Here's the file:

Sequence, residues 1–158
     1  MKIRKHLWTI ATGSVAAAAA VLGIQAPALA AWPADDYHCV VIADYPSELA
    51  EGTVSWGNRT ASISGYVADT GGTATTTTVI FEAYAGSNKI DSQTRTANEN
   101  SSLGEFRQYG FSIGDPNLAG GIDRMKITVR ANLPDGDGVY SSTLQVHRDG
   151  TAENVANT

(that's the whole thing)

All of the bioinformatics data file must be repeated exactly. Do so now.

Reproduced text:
Sequence, residues 1–158
     1  MKIRKHLWTI ATGSVAAAAA VLGIQAPALA AWPADDYHCV VIADYPSELA
    51  EGTVSWGNRT ASISGYVADT GGTATTTTVI FEAYAGSNKI DSQTRTANEN
   101  SSLGEFRQYG FSIGDPNLAG GIDRMKITVR ANLPDGDGVY SSTLQVHRDG
   151  TAENVANT